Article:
Givens: Yeah, so it’s a really active debate. When we look at this, we really do see it as a dangerous trade-off. Journalists, human rights activists around the world, members of Congress, doctors engaging in telemedicine, they all rely on encryption to protect their communications, and it’s a tool that’s used around the world in really important ways. And so one of the trade-offs, or the balancing, that we have to think about is the impact potentially on law enforcement being able to go after the worst of the worst of these activities, versus the huge benefits of that technology to so many other forms of expression and communication around the world.

Wood: One could argue that we have just lived through, and are still living through, a five-year rolling experiment in disinformation and amplification. And I wonder, do we have a sense now of what happens when, for example, these conversations have to go small and go private? Is there an impact when lies aren’t amplified?

Givens: When conversations are happening in these smaller, private messaging apps, it does help in terms of reducing the reach for this type of content. Those platforms are more private, they’re quieter, it doesn’t participate in the general traffic in a way that lets people be recruited — so that’s one point. The other is that there are ways, even with encrypted messaging, that law enforcement and others, including the platforms themselves, can help respond to the worst abuses. So first of all, groups and users can still be reported. If information is discovered, whether through an individual reporting, or journalists or law enforcement or researchers who go undercover in these groups, platforms can respond and take them down for violating their terms of service.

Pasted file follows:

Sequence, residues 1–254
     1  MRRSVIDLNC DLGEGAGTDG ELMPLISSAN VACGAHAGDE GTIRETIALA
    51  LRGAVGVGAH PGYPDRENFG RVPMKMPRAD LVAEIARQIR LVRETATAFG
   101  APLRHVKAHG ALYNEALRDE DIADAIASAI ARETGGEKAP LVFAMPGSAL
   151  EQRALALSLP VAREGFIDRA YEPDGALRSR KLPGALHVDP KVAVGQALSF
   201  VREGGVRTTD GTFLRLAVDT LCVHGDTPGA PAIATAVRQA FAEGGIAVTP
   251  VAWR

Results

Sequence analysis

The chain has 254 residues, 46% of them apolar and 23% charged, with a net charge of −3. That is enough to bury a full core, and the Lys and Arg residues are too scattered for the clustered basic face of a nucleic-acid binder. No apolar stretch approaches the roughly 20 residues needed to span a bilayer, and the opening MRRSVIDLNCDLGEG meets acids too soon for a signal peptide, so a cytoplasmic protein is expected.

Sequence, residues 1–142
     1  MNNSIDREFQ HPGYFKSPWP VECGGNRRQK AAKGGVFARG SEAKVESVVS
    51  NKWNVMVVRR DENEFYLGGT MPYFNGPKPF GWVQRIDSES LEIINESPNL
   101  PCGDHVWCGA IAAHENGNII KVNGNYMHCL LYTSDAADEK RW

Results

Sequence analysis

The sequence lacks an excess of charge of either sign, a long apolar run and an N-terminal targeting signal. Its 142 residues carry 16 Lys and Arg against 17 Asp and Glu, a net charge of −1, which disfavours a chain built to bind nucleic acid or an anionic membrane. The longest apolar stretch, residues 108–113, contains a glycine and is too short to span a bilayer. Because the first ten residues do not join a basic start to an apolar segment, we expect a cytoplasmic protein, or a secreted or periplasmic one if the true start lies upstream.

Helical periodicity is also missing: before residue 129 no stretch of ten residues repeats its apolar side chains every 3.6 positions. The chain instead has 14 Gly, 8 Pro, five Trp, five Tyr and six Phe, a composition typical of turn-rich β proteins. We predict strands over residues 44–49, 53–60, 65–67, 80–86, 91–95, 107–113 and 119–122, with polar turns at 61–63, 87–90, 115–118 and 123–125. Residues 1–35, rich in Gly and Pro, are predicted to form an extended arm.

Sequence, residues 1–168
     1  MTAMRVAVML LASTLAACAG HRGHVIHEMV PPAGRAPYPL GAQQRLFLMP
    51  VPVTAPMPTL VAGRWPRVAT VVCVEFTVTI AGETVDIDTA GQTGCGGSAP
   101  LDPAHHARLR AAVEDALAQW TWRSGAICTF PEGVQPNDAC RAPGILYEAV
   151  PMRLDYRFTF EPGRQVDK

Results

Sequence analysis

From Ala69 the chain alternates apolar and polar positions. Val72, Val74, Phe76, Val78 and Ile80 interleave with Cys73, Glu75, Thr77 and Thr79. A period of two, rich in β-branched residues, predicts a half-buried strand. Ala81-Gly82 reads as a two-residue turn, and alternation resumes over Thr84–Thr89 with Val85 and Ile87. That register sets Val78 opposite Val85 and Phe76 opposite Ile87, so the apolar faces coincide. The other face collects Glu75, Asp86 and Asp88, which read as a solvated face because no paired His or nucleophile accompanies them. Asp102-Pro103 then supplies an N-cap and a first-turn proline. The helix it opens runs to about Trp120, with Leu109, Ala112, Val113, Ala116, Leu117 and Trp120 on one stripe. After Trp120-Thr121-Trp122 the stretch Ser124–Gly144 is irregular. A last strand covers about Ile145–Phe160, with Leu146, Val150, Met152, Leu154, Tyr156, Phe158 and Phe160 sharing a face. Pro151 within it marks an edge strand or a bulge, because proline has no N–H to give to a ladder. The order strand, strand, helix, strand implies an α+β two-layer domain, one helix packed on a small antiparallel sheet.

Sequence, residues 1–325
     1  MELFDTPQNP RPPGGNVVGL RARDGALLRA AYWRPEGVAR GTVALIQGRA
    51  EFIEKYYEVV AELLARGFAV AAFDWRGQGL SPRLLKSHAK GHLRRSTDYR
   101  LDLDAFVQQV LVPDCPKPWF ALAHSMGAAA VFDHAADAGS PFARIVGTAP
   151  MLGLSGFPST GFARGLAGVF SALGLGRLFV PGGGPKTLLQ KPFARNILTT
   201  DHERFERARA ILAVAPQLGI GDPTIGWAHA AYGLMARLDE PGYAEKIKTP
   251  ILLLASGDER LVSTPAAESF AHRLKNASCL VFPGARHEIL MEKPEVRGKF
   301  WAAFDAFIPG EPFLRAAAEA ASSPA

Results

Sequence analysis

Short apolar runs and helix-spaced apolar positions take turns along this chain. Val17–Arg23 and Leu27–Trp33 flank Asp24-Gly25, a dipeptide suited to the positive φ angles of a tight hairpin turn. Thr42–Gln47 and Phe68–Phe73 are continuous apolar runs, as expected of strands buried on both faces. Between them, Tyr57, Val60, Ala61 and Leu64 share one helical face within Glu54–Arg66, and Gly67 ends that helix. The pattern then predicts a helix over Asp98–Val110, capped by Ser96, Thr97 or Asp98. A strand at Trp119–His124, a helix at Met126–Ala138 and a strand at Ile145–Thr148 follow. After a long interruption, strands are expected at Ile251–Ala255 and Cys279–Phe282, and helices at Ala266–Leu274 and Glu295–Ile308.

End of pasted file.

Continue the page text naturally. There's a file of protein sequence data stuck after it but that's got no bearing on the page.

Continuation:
Wood: Right, [so] you still have to do police work.